March 11 (Bloomberg) -- 99 Cents Only Stores, the U.S. discount chain, received a proposal to be taken private by members of the Schiffer-Gold founding family and Leonard Green & Partners LP, in a deal valuing the company at $1.34 billion.
The $19.09-per-share offer represented a 14.4 percent premium on yesterday’s closing price. The City of Commerce, California-based company will consider the proposal, according to a statement today.
Dollar stores have become takeover targets in the U.S. after luring shoppers away from traditional retail chains including Wal-Mart Stores Inc. Family Dollar Stores Inc. rejected an unsolicited bid by Nelson Peltz’s Trian Fund Management LP last week, saying it undervalues its business.
“The dollar store chains are attractive to private equity because they can take on more debt, accelerate store growth and improve operations,” Joseph Feldman, an analyst at Telsey Advisory Group in New York, said today in a telephone interview. “The companies generate consistent cash flow.”
At $19.09 a share, the offer values 99 Cents Only Stores at about eight times the last 12 months’ earnings before interest, taxes, depreciation and amortization. That compares with a median of 9 times Ebitda in seven bids for U.S. discount retailers since 2008. Trian’s offer for Family Dollar was about 10 times Ebitda.
Wal-Mart, the world’s largest retailer, said yesterday it’s considering acquisitions to boost U.S. revenue from smaller stores, as the dollar store industry, led by Dollar General Group, lures shoppers who prefer quicker trips when buying tooth paste, cleaning supplies and packaged foods.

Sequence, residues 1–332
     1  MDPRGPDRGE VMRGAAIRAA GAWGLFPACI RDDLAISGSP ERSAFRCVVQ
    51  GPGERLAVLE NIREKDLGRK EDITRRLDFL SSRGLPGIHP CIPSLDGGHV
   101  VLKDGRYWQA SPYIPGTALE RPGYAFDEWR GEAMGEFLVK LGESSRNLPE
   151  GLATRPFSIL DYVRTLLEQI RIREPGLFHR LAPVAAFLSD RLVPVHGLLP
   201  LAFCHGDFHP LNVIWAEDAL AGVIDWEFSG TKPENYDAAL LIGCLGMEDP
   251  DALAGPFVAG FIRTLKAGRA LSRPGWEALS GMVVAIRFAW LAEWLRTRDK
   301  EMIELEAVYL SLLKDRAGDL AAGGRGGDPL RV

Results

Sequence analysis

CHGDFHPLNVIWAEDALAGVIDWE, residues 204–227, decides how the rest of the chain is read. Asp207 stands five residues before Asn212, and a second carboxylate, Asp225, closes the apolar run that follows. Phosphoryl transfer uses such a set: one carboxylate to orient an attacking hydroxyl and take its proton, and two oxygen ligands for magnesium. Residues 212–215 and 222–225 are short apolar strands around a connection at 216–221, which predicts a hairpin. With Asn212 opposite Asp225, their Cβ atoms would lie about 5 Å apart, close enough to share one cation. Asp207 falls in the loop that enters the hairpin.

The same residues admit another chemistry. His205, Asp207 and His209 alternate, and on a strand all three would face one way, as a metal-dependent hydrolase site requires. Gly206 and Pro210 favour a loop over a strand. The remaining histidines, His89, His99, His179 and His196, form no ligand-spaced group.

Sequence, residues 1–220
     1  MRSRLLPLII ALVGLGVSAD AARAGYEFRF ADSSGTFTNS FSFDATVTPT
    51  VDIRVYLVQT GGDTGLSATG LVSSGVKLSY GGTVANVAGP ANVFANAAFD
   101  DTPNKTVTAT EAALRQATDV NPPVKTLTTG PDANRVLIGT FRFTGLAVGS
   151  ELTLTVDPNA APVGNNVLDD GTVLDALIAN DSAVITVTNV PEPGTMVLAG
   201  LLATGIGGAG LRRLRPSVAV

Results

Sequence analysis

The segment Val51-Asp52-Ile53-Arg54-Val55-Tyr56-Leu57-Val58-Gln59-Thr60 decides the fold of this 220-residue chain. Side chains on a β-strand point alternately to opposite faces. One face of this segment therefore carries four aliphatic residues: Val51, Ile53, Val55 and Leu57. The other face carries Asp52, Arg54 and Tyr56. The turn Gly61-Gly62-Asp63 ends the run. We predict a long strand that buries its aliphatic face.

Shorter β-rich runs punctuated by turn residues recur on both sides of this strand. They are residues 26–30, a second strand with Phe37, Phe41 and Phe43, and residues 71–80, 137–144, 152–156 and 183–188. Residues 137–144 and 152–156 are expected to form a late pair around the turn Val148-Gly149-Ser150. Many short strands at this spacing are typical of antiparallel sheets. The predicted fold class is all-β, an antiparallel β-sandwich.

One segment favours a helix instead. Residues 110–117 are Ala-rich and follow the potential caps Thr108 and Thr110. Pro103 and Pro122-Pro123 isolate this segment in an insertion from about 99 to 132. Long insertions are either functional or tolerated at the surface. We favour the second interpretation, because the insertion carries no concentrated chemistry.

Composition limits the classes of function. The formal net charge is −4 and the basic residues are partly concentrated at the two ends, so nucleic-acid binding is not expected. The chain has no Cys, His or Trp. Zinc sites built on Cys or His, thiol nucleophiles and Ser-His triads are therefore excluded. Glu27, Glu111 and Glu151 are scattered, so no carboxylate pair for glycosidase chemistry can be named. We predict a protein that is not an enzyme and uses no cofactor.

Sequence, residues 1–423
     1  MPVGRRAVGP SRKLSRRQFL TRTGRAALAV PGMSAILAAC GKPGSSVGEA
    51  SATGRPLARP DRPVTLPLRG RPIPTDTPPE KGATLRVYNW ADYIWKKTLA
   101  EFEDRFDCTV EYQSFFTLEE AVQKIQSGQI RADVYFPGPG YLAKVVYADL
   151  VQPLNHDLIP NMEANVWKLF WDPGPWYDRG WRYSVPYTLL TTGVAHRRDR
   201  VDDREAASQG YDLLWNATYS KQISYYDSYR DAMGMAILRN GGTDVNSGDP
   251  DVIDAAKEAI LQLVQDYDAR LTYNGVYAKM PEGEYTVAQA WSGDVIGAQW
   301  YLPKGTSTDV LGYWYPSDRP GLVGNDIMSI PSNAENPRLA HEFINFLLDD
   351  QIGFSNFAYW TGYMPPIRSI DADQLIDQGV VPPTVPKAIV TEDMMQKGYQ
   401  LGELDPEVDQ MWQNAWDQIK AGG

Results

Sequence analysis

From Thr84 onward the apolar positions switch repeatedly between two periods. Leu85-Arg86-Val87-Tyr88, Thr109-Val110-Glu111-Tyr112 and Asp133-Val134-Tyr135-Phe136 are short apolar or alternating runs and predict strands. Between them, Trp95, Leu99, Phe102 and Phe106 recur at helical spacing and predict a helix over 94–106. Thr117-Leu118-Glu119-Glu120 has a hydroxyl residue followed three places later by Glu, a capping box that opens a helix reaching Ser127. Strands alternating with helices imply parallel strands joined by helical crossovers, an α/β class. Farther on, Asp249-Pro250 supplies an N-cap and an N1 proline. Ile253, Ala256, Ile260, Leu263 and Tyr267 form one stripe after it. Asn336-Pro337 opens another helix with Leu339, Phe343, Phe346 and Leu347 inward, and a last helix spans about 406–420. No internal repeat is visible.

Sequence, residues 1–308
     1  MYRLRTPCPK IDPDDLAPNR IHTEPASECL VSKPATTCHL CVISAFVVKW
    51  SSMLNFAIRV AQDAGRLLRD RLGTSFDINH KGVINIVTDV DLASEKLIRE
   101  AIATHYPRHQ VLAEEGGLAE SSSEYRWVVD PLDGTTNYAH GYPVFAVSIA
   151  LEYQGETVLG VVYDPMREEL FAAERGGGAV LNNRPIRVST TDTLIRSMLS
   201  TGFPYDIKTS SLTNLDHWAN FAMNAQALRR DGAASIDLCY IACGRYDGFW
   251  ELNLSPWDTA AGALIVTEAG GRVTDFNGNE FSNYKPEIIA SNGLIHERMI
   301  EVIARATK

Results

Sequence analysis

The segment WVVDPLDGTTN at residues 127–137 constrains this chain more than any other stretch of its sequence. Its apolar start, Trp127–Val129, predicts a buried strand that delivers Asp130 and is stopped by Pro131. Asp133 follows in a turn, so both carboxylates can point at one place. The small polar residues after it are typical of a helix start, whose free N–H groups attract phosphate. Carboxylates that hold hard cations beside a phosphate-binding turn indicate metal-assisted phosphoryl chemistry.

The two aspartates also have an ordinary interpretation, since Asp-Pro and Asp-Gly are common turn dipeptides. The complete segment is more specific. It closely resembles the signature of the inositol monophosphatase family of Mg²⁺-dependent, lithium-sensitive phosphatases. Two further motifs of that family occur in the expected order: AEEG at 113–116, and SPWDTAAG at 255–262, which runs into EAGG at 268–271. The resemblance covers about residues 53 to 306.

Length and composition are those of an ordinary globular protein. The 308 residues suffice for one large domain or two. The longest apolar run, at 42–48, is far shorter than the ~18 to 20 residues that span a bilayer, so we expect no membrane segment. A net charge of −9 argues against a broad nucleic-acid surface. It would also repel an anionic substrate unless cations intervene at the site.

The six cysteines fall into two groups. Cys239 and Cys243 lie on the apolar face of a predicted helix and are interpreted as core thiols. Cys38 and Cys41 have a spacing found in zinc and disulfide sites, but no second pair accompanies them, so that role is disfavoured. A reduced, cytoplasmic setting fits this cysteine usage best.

Led by Chief Executive Eric Schiffer, 99 Cents Stores Only, as of Dec. 25, had no debt and cash of $24 million, an increase of 21 percent from a year earlier, according to its third quarter earnings statement Feb. 2. During the period, revenue advanced 1.8 percent to $365.4 million.
Founded in 1982, the retailer operates 210 stores in California as well as outlets in Texas, Arizona and Nevada, according to the statement. The company generates more than half its sales from food and beverages, the company said.
The Schiffer-Gold family owns about 33 percent of the company’s outstanding common shares and planned to use a substantial portion of the stake to take 99 Cents Only Stores private, according to the statement.
99 Cents Only Stores climbed $2.90, or 17 percent, to $19.58 at 4:05 p.m. in New York Stock Exchange composite trading, the biggest increase since June, 2009.
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